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III The Heart Of Man Anna Katharine Green


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A groan of intolerable anguish from the sick man's lips, and then the quick thrust of his re-awakened intelligence rising superior to the overthrow of all his hopes.

"For a woman of Edith's principle to seek death in a moment of desperation, the provocation must have been very great. Tell me if I'm to hate you through life - yea through all eternity - or if I must seek in some unimaginable failure of my own character or conduct the cause of her intolerable despair."

"Oswald!" The tone was controlling, and yet that of one strong man to another. "Is it for us to read the heart of any woman, least of all of a woman of her susceptibilities and keen inner life? The wish to end all comes to some natures like a lightning flash from a clear sky. It comes, it goes, often without leaving a sign. But if a weapon chances to be near -(here it was in hand)- then death follows the impulse which, given an instant of thought, would have vanished in a back sweep of other emotions. Chance was the real accessory to this death by suicide. Oswald, let us realise it as such and accept our sorrow as a mutual burden and turn to what remains to us of life and labour. Work is grief's only consolation. Then let us work."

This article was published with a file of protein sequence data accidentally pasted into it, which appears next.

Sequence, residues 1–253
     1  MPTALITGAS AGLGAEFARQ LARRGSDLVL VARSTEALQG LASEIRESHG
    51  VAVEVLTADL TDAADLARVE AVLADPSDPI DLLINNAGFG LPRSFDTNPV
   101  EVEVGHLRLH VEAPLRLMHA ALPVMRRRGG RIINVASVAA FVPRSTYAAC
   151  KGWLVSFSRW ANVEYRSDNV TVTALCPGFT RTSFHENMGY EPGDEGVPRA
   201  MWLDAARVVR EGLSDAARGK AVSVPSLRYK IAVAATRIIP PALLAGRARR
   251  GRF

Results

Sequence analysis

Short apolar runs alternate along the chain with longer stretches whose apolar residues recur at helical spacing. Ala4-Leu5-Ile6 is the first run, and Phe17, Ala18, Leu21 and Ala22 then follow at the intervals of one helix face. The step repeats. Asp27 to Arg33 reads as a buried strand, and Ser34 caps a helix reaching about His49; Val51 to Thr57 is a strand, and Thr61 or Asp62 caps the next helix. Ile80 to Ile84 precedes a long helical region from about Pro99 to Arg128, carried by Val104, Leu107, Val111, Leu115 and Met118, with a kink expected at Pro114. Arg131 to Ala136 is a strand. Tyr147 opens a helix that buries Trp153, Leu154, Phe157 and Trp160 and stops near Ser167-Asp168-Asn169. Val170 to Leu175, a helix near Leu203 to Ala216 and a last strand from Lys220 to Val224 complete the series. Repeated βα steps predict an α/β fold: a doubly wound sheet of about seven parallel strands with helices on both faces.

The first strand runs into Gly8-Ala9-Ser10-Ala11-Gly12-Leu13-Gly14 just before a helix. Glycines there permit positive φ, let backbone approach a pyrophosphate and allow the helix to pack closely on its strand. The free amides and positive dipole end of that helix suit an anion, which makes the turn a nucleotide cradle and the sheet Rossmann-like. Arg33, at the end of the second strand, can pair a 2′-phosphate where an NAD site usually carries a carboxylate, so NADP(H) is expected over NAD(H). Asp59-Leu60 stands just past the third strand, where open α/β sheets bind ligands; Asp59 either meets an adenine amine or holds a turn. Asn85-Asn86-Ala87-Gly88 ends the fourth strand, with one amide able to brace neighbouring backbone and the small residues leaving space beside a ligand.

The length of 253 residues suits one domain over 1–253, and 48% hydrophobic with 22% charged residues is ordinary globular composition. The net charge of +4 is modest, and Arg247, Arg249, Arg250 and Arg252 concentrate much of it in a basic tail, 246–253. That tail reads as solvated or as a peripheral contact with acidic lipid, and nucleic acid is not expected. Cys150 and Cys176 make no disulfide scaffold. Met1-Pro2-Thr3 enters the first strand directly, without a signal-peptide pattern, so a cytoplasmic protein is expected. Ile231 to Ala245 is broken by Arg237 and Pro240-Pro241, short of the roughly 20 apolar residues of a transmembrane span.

But of all this Oswald had caught but the one word.

" Chance?" he repeated. "Orlando, I believe in God."

"Then seek your comfort there. I find it in harnessing the winds; in forcing the powers of nature to do my bidding."

The other did not speak, and the silence grew heavy. It was broken, when it was broken, by a cry from Oswald:

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"No more," said he, "no more." Then, in a yearning accent, "Send Doris to me,"

Orlando started. This name coming so close upon that word comfort produced a strange effect upon him. But another look at Oswald and he was ready to do his bidding. The bitter ordeal was over; let him have his solace if it was in her power to give it to him.

Orlando, upon leaving his brother's room, did not stop to deliver that brother's message directly to Doris; he left this for Truda to do, and retired immediately to his hangar in the woods. Locking himself in, he slightly raised the roof and then sat down before the car which was rapidly taking on shape and assuming that individuality and appearance of sentient life which hitherto he had only seen in dreams. But his eye, which had never failed to kindle at this sight before, shone dully in the semi-gloom. The air-car could wait; he would first have his hour in this solitude of his own making. The gaze he dreaded, the words from which he shrank could not penetrate here. He might even shout her name aloud, and only these windowless walls would respond. He was alone with his past, his present and his future.

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